After talking to another student teacher who is pracing at the AOSR elementary school from The College of New Jersey I have a hypothesis as to where this classroom behavior may be coming from. My fellow student teacher explained to me that in her second grade classroom there is a huge lack of academic instruction. She complained that her students are scheduled every day to have multiple blocks of recess and art and music but very little science, reading, or math. While this may be fun for the students she says it makes it hard for her to get academic teaching time in and makes it difficult to really solidify any of the student's early academic skills. I think that this approach to education has some long term effects on the students in 6th grade that I am working with. They have trouble staying in their seat or going the whole class period without running to their lockers to get something that they forgot. These connections have certainly made me think about the affects of early education on long term routine building and academic standards.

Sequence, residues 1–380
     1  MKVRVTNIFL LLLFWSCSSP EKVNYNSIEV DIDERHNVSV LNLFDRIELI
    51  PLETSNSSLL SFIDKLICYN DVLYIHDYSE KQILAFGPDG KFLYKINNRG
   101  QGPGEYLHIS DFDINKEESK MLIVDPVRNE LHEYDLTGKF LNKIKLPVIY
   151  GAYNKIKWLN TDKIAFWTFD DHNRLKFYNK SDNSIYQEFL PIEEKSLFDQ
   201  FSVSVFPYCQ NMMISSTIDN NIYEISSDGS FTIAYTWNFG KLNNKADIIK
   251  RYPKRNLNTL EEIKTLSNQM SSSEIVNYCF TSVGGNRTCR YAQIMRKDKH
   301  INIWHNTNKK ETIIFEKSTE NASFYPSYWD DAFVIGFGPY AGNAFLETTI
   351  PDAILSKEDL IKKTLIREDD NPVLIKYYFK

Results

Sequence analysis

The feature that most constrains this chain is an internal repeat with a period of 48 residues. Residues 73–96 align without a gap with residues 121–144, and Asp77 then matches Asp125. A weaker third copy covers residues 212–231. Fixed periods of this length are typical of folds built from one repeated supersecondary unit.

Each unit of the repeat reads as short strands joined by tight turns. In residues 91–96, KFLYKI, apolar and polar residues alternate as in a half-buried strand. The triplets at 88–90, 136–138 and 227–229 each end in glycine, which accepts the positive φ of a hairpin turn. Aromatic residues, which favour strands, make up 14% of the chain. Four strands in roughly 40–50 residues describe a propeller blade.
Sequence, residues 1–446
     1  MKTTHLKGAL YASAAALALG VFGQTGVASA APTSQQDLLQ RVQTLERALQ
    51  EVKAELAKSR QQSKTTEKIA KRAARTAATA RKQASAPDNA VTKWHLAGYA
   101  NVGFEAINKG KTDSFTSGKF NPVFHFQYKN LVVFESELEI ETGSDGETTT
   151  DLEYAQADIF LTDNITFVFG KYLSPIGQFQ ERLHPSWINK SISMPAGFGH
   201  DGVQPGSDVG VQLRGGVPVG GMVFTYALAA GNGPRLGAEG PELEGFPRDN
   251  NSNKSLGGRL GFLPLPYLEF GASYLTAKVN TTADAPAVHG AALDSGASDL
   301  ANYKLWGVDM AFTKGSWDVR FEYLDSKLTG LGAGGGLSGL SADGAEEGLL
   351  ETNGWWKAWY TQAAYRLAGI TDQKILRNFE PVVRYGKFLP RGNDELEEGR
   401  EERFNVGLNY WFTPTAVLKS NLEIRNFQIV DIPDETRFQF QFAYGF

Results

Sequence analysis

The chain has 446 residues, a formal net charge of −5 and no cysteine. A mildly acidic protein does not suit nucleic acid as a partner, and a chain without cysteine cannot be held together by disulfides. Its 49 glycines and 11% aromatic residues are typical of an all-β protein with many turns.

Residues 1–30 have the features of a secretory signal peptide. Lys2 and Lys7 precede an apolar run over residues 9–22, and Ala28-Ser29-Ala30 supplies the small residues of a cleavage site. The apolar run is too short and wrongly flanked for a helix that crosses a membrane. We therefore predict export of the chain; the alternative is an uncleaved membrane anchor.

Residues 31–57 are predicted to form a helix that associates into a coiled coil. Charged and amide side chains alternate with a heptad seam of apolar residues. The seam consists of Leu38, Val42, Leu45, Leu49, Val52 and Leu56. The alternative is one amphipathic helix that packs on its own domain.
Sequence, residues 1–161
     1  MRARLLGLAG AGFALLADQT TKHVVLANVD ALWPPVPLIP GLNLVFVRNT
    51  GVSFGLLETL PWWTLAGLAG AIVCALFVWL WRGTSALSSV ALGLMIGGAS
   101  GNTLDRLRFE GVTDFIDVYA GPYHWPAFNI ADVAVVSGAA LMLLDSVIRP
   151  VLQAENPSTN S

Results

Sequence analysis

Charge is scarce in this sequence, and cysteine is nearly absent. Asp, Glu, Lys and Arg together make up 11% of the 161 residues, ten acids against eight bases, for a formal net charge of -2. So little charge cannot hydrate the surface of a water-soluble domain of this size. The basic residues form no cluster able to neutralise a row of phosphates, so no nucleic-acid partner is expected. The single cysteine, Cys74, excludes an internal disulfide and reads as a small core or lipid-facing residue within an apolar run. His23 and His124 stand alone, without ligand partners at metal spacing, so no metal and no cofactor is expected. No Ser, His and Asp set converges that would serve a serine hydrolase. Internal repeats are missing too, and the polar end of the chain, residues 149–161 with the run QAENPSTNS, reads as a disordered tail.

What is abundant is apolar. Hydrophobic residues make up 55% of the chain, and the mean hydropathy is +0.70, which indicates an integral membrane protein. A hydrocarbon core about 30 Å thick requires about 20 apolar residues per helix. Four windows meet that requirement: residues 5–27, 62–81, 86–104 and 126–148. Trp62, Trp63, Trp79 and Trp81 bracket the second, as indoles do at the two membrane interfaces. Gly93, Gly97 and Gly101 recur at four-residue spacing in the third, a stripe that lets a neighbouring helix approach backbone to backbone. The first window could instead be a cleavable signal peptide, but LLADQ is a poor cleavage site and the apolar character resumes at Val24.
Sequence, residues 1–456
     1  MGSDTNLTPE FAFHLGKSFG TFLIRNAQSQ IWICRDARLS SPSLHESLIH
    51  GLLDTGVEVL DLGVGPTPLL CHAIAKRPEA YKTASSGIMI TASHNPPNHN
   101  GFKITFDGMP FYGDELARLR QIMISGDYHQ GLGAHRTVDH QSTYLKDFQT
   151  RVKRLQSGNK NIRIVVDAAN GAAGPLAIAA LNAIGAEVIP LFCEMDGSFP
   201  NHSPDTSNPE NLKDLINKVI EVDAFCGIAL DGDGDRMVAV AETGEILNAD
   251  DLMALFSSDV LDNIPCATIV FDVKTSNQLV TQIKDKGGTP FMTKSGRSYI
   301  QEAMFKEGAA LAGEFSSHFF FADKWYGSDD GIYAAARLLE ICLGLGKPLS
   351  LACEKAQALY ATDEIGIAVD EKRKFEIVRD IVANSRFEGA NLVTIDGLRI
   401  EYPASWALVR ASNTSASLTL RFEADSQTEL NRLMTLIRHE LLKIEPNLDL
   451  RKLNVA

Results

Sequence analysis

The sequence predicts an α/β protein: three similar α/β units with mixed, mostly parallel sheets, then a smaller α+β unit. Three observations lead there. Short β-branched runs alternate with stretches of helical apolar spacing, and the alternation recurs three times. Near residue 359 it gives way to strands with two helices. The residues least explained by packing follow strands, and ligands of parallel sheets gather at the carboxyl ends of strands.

All in all I was very happy to have had the opportunity to teach three hour and a half lessons during my international prac. My SP was very grateful and I hope to be able to teach again soon.

Wednesday, February 24, 2016

Learning From My Students